We chat with one of the best Toastmasters in the UK, Richard Birtchnell, the London Toastmaster. He has over 30 years of experience hosting weddings and events – he even hosts our Wedding Ideas Awards! So what does he actually do?

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Toastmasters are an essential, yet often forgotten, part of the big day. Experts in timing, they can help the day run smoothly and organise suppliers, leaving you to have a stress-free celebration. “To most families, a wedding day is like a big-budget show and, therefore, it requires stage management, direction and compering,” says Richard. “We are the eyes, ears and voice of the bride and groom, making sure that their carefully laid plans pay off. Duties would include ensuring the venue is ready, greeting the bridal party and guests, arranging the receiving line, organising group photography, directing guests, announcing the wedding breakfast and introducing the speakers. They would also be in charge of orchestrating the important moments such as the cutting of the cake, first dance and bouquet toss. The Toastmaster would ensure lighting and sound levels are appropriately set and liaise with staff and musicians on timing.”

What’s your best piece of advice for couples?

“Make sure that all suppliers are working to the same schedule. Often, I arrive at the venue to discover the photographer hasn’t been allocated enough time, or that banqueting need longer to serve the meal than you think, or that the band hasn’t set up when they should have and so on.”

Are toastmasters only necessary at larger weddings?

“It’s true that larger parties require more management but a smaller number suggests that the budget is tight or that only the closest family and friends will be invited. All the more reason, therefore, to give them a quality experience in my view.”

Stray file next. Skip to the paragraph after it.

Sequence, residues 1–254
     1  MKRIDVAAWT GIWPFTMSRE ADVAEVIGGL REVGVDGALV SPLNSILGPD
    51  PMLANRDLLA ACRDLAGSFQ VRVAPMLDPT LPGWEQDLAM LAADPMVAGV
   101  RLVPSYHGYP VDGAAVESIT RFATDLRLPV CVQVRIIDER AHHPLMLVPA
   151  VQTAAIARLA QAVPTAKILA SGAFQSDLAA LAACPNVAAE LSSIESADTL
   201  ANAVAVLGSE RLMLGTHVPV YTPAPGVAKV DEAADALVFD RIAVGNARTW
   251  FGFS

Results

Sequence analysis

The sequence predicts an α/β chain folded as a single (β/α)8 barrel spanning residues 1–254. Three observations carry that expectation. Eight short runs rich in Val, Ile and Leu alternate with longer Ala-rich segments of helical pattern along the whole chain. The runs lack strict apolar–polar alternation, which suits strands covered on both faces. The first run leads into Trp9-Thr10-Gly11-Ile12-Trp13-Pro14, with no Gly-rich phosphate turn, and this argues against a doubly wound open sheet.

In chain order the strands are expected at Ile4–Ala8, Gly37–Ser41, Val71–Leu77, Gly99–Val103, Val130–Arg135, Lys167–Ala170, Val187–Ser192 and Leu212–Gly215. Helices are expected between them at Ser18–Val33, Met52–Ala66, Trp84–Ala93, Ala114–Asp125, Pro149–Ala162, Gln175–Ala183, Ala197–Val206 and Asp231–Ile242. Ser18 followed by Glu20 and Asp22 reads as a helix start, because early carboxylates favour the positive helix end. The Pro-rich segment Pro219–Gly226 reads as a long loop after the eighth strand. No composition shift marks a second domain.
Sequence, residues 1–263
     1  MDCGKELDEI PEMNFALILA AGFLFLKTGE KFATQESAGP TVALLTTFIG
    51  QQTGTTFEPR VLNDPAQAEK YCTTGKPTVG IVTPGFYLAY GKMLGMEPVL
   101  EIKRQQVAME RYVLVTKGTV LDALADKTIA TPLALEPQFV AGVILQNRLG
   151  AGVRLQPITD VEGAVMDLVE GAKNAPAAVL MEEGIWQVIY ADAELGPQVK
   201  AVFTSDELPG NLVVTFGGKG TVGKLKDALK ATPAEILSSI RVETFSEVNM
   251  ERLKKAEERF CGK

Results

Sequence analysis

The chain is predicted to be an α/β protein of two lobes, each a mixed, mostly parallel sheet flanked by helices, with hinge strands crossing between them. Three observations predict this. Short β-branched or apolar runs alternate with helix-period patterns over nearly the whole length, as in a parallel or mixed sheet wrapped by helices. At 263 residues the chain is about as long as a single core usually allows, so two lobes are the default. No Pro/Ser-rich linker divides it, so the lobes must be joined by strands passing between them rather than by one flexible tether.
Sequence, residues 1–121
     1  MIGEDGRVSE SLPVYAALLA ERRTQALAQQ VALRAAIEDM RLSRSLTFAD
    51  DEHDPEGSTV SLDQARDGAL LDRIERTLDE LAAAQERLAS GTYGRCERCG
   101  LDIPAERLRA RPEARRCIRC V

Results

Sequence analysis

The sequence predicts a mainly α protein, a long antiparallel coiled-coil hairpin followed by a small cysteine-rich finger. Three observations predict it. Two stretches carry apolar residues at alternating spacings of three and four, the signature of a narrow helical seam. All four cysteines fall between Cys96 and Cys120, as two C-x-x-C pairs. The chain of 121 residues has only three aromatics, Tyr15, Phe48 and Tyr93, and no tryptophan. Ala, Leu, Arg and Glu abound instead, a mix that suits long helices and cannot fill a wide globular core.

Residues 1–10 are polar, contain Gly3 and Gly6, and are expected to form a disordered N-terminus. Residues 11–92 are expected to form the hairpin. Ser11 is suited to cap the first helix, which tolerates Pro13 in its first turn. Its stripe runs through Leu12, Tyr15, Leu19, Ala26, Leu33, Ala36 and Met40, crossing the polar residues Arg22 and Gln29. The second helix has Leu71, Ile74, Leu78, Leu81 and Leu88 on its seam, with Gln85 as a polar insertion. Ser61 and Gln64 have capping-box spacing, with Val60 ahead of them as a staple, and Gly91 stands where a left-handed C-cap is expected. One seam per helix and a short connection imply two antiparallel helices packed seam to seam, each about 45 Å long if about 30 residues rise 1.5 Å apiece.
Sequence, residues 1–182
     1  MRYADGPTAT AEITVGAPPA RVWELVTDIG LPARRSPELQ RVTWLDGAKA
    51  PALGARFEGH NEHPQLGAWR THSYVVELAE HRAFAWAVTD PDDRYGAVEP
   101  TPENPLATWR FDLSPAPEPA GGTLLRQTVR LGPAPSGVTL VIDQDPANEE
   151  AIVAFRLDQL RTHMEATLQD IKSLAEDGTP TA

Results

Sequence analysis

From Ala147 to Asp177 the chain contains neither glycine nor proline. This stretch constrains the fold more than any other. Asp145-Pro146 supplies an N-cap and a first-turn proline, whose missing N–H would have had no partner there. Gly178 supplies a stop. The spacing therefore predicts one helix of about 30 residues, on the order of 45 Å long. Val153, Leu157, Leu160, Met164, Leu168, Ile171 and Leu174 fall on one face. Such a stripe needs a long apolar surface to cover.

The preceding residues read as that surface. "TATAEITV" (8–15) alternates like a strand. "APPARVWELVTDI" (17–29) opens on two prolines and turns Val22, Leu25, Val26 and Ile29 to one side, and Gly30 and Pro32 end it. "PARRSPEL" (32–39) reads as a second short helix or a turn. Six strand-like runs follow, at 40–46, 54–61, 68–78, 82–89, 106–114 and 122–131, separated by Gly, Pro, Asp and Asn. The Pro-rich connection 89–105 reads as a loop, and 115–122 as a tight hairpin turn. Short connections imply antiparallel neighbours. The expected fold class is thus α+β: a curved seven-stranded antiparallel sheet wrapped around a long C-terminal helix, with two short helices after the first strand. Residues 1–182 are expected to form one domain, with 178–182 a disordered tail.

Who decides what is said and when?

“Many weeks before the big day, we would sit down together and agree the sequence of events and the speakers on the day. I would advise the bride and groom of traditional conventions but it is their party and I undertake whatever duties and announcements they wish, never the other way round.”

My toastmaster wants to arrive early. Is that really necessary?

“Yes, most certainly it is. Toastmasters needs to check the wedding venue is ready for what is about to follow. Is the red carpet laid? Are the cloakrooms manned? Are the toilets clean and the ramps for wheelchairs in place? Is the table plan on display, Champagne chilled, canapés ready? Is the cake (and the knife!) in place? If the ceremony is taking place at the venue, I would also check the ceremony room was laid out with enough chairs.”

Can’t the best man do all these jobs?

“The Best Man’s key duty is to take care of the groom on the day and lead the ushers – a job in its own right. He can, of course, take on additional responsibilities but he cannot be in two places at once – at the venue inspection prior to the reception and at the church supporting the groom, for example. It is best to engage a professional and put yourself in their safe hands.”

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